- The Washington Times - Saturday, May 5, 2018

Fired FBI Director James Comey has repeatedly denied during his book tour that he ever testified that FBI agents concluded that retired Army Lt. Gen. Michael Flynn didn’t intentionally mislead them.

That adamant assertion came into question Friday night when the Republican majority on the House Permanent Select Committee on Intelligence released portions of Mr. Comey’s closed-door testimony. The section had been classified when the panel’s Russia report was first released last month.

In the now-declassified pages, Mr. Comey is quoted verbatim as saying agents, in fact, assessed Mr. Flynn as not being deceptive. Agents questioned him about his phone calls during the presidential transition with Russian ambassador Sergey Kislyak.

Mr. Comey testified, “The agents …. discerned no physical indications of deception. They didn’t see any change in posture, in tone, in inflection, in eye contact. They saw nothing that indicated to them that he knew he was lying to them.”

Former FBI Director Andrew McCabe also told the House committee that agents “didn’t detect deception in the statements that he made in the interview …. the two people who interviewed [Flynn] didn’t think he was lying.”

Mr. Comey’s closed-door House sworn testimony stands in contrast to his interview answers as he promotes his best-selling memoir, “A Higher Loyalty.”

Here is what he told ABC News’ George Stephanopoulos:

Stephanopoulos: There’s been some reporting that at one point you told the Congress that the agents who interviewed Mike Flynn didn’t believe that he had lied.

Comey: Yeah, I saw that. And that — I don’t know where that’s coming from. That — unless I’m, I, I said something that people misunderstood, I don’t remember even intending to say that. So my recollection is I never said that to anybody.

Mr. Comey gave the same denial to Fox News’ Bret Baier:

Baier: Did you tell lawmakers that FBI agents didn’t believe former National Security Advisor Michael Flynn was lying intentionally to investigators.

Comey: No.

Baier: You did not—

Comey: And I saw that in the media. I don’t know what — someone misunderstood something I said. I didn’t believe that and didn’t say that.”

Mr. Comey’s truthfulness has taken on growing importance in Robert Mueller’s Trump-Russia investigation which includes whether President Trump obstructed justice.

Mr. Comey wrote what he says were contemporaneous memos of his meetings with Mr. Trump. He wrote that the president asked him of the Flynn investigation to “let it go.”

If Mr. Trump agrees to an interview with the special counsel he will assuredly be asked about that alleged request. Mr. Trump has denied saying it, thus making it a case of his word against Mr. Comey, with Mr. Mueller, a Comey friend, as the referee.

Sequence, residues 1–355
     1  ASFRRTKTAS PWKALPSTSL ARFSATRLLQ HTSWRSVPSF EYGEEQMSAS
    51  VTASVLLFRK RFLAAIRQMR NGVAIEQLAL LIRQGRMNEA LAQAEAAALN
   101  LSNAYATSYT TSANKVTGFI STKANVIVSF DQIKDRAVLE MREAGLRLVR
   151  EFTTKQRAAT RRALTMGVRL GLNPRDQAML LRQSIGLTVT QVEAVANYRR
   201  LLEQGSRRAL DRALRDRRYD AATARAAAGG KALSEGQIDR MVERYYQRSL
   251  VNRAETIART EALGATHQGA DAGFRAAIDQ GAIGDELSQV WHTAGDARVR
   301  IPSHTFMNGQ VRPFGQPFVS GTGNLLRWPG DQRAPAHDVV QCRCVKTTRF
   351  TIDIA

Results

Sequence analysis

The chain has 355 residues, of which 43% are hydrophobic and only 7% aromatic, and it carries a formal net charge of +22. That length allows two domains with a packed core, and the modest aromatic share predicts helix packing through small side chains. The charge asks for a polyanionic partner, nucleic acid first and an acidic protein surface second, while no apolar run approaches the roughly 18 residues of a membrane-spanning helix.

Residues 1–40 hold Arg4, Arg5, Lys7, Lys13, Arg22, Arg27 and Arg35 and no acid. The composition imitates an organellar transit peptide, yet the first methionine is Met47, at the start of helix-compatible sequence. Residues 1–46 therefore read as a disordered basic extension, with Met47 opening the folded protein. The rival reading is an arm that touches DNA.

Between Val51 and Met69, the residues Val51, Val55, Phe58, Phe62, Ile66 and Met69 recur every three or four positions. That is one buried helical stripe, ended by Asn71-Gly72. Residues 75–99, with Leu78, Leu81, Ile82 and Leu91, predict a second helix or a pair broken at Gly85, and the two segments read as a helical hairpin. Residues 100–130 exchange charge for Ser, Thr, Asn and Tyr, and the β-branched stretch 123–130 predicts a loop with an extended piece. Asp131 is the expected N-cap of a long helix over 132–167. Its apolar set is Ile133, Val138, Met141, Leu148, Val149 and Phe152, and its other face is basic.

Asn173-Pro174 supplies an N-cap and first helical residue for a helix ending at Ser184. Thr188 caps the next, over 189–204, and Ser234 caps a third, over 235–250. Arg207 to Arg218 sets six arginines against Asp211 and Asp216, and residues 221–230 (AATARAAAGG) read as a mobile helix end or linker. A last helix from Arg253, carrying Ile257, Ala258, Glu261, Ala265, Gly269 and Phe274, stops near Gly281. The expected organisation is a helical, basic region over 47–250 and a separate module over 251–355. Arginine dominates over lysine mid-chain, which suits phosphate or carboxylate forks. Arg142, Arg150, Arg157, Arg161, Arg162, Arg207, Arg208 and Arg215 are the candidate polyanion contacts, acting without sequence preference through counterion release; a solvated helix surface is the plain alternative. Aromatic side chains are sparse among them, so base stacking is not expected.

Rudy Giuliani, Mr. Trump’s new lead defense attorney, hit the cable-news circuit calling Mr. Comey a “disgraceful liar” who should be indicted.

Appearing on Fox News’ “Hannity,” Mr. Giuliani compared the FBI to “stormtroopers” for its raid on the home and office of Trump attorney Michael Cohen.

Mr. Comey tweeted, “I know the New York FBI. There are no ‘stormtroopers’ there; just a group of people devoted to the rule of law and the truth. Our country would be better off if our leaders tried to be like them, rather than comparing them to Nazis.”

The ex-director has dismissed the House Intelligence report as a “political document.”

Led by Chairman Devin Nunes, California Republican, the panel has uncovered what it considers to be a number of FBI abuses under Mr. Comey’s watch, including its embrace of the Democrat Party-financed Christopher Steele dossier.

Mr. Trump fired Mr. Comey in May 2017.

Mr. Comey has acknowledged he leaked portions of his memo contents to the New York Times, via a middleman law professor, friend and FBI employee, with the goal of convincing the Justice Department to name a special prosecutor.

Deputy Attorney General Rod Rosenstein complied and named Mr. Mueller that same month.

In the Flynn case, the FBI interviewed him at the White House in his first days as national security adviser.

He was caught in a wire tap of Mr. Kislyak in December 2016 phone calls discussing the issues of anti-Russian sanctions and an upcoming United Nationals Security Council vote on Israel.

Armed with the top-secret transcript, two FBI agents questioned him about the call. He said he did not remember urging Moscow to hold off a response to Obama-ordered sanctions over Russian election interference. In telling the agents about the U.N. discussion, he left out critical parts.

At the time, the FBI was looking at Mr. Flynn as part of its counter-intelligence investigation into Russia election meddling.

Candidate Trump talked of his desire for better relations with Russian President Vladimir Putin.

Mr. Flynn ultimately pleaded guilty last December to one count of making false statements and is awaiting sentencing, now twice delayed, as he cooperates with Mr. Mueller.

Mr. Flynn made a campaign appearance in March in California for a Republican candidate for Congress. He praised Mr. Trump and lashed out at liberal dogma.

There has been no public allegation that Mr. Flynn coordinated with Russian officials in any way. The special counsel plea agreement does not mention any conspiracy.

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